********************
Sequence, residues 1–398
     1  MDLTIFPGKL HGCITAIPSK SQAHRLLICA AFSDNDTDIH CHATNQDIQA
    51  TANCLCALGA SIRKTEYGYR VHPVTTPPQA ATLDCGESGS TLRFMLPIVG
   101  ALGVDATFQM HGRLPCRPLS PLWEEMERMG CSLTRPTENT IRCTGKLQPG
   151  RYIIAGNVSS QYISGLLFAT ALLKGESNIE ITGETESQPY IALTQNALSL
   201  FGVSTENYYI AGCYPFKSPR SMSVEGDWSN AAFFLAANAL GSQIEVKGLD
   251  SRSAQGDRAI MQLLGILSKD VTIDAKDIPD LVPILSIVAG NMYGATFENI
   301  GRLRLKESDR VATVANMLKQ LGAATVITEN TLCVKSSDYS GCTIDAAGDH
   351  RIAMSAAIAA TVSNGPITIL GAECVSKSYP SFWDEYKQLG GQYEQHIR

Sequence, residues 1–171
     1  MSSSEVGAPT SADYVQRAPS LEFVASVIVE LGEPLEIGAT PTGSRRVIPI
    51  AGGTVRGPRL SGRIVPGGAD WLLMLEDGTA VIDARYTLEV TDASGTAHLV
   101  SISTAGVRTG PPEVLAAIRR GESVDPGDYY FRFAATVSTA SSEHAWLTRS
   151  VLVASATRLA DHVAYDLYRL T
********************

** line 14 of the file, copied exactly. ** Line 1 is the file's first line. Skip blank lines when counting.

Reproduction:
   151  VLVASATRLA DHVAYDLYRL T